Matthias Koehl, the second in command at NSWPP, moved to establish control over Rockwell's body and the assets of the NSWPP, which at the time had some 300 active members and 3,000 financial supporters. Rockwell's parents wanted a private burial in Maine, but declined to fight with the Nazis. On August 27, an NSWPP spokesman reported that federal officials had approved a military burial at Culpeper National Cemetery, Rockwell being an honorably discharged veteran.[46] The cemetery specified that no Nazi insignia could be displayed, and when the 50 mourners violated these conditions, the entrance to the cemetery was blocked in a five-hour standoff, during which the hearse, which had been stopped on railroad tracks near the cemetery, was nearly struck by an approaching train. The next day, Rockwell's body was secretly cremated.[10]


Rockwell was a source of inspiration for David Duke when he was young and openly espousing neo-Nazi sentiments. As a student in high school, when Duke learned of Rockwell's murder, he reportedly said "The greatest American who ever lived has been shot down and killed."[47] Richard B. Spencer is another admirer of Rockwell.[48]

Matthew Heimbach said on Rockwell that he was "one of the most gifted orators of the 20th century", and Rockwell's writings and speeches were "the things that worked to bring me to National Socialism".[49]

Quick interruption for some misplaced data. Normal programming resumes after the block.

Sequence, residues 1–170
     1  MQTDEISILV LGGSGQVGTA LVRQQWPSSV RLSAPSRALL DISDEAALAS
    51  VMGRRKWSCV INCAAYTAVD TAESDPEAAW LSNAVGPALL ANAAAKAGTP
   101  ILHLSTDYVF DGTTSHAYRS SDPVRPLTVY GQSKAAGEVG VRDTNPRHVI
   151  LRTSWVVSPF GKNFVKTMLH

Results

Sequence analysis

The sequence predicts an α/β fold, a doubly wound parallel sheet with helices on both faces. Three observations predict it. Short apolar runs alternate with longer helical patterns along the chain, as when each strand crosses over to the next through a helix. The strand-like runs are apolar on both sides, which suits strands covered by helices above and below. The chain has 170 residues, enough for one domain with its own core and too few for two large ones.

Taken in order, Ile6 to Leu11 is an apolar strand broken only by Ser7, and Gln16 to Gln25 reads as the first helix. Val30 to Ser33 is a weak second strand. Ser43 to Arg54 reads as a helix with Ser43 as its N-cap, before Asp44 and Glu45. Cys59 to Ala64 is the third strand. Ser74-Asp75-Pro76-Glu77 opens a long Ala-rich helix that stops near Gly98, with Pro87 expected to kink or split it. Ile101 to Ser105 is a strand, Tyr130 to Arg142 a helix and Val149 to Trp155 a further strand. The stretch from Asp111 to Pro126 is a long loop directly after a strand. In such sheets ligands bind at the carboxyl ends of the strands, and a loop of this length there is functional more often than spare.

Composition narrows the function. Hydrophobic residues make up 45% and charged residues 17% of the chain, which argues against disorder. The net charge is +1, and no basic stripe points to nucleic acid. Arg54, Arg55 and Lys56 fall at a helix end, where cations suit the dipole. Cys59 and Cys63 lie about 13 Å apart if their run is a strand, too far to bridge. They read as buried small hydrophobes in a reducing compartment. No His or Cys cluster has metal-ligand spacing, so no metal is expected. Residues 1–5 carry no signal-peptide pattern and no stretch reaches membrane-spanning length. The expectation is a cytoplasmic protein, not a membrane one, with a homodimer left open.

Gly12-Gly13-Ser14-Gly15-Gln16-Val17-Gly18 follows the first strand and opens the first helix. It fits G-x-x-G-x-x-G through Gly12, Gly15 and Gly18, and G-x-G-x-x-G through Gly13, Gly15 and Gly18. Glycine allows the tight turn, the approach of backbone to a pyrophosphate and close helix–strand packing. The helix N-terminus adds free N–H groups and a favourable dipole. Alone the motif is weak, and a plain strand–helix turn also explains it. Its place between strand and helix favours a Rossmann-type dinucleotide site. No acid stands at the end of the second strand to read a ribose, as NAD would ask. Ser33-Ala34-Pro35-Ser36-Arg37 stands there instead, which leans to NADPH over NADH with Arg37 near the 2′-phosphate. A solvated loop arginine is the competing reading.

Two of Rockwell's associates, Matthias Koehl and William Luther Pierce, formed their own organizations. Koehl, who was Rockwell's successor, renamed the National Socialist White Peoples Party (NSWPP) the New Order in 1983 and relocated it to Wisconsin shortly thereafter. Pierce founded the National Alliance and wrote the racist dystopian novel The Turner Diaries. Several other neo-Nazi groups were formed over the years since Rockwell's death, some by his followers and other by newer generations of White supremacists. Some are now defunct.

In popular culture[edit]

In the lyrics to the Bob Dylan song "Talkin' John Birch Paranoid Blues", the narrator parodies Abraham Lincoln and Thomas Jefferson as being Communists, and claims that the only "true American" is George Lincoln Rockwell. Quoting the lyrics: "I know for a fact that he hates Commies, 'cause he picketed the movie Exodus."[50]

For their 1972 album Not Insane or Anything You Want To, The Firesign Theatre created a fictional presidential candidate, George Papoon, running on the equally fictional ticket, the Natural Surrealist Light Peoples Party, the name taken as an apparent parody of Rockwell's own group, the National Socialist White Peoples Party.[51]

Marlon Brando portrayed Rockwell in the television miniseries Roots: The Next Generations and won a Primetime Emmy Award for Outstanding Supporting Actor in a Limited Series or Movie for his performance.

In the third season of post-World War II alternate history television show The Man in the High Castle, David Furr portrayed Rockwell as the Reichsmarschall of North America. Nazi-ruled New York City's main airport was named Lincoln Rockwell Airport.[52]

National Lampoon magazine ran a parody of NSWPP propaganda, under the title "Americans United to Beat the Dutch", in their April 1973 "Prejudice" issue,[53] and another in the May 1974 "50th Anniversary" issue,[54] which reportedly cost the magazine an advertising contract with the Dutch brewer Heineken.[55]